I hope this helps you take on JavaScript sooner rather than later. WordPress needs you.

Progressive Enhancement is

Everyone has a definition for progressive enhancement these days, and many often misunderstand the concept. I like Scott Jehl’s thoughts on the principle:

Progressive Enhancement is less “but what if JavaScript is disabled?”, more “can our core services be more tolerant of everyday conditions”

When you look at it that way, progressive enhancement becomes synonymous with quality. Why wouldn’t you want to build sites and applications this way? In a way that gives people a quality experience no matter what.

jQuery's Relevancy

Lately, as I’ve built out the latest WordPress theme I’m working on, I’ve thought, “Do I really need to use jQuery for this?” I’ve had a hard time answering it.

I finally read the blog post, jQuery’s Relevancy – There and Back Again, and it has helped me think about the question in a clearer context. Like most questions in web development, the answer is, “It depends.” Writing a few bits of functionality in vanilla JavaScript has helped me understand it better, and also see the need for jQuery in a lot of circumstances.

That said, for my latest WordPress theme, the answer is still, “Maybe.” I still have to explore some functionality that may be better accomplished with the help of jQuery. Anyway, I recommend giving the post a read because if anything, it will help you think about some of the misconceptions and advantages of jQuery.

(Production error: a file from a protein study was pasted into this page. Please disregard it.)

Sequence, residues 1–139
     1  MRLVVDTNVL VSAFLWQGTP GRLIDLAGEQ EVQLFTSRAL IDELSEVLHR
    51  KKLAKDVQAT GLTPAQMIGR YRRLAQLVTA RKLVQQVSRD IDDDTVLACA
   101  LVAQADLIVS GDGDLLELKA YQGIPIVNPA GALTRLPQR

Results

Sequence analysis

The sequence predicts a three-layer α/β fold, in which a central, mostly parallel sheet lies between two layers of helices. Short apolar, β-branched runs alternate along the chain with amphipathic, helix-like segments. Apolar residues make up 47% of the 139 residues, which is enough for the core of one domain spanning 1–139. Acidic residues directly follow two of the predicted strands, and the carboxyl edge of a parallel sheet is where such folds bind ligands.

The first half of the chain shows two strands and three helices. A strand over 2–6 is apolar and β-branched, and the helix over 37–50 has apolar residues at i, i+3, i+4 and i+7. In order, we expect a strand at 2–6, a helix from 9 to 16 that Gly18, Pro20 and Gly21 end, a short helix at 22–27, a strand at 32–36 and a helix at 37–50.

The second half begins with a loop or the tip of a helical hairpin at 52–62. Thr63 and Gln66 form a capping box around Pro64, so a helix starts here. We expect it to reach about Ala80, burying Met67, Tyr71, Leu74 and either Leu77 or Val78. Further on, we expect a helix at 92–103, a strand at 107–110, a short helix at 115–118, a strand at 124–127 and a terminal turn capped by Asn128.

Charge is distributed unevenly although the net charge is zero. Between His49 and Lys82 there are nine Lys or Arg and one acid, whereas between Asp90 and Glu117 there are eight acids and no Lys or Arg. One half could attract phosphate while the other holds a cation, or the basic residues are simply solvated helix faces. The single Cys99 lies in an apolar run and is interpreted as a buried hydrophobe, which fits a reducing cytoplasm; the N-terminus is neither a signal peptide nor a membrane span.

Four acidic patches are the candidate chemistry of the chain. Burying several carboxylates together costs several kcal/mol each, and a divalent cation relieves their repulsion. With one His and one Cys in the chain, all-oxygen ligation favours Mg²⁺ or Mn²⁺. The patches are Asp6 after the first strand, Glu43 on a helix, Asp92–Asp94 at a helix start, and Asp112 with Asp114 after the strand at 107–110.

Remembering the Everyday Developer

I listened to this Web Ahead episode today about the everyday developer, and it resonated with me. I imagine many developers would identify with it because it hits on the fact that the tool chain for building websites has become increasingly complex. It’s getting harder and harder to “get started” with the Web. Any developer can become overwhelmed by what to learn next. That said, many seasoned Web workers know two of the main messages that Jen Simmons and Rachel Andrew talk about to combat the feelings of overload:

  1. Tools are just tools, not the raw material – the building blocks.
  2. Know how to teach yourself new skills.

Those are good messages to keep pinned to the top your text notes and read the next time you want to open that new shiny thing.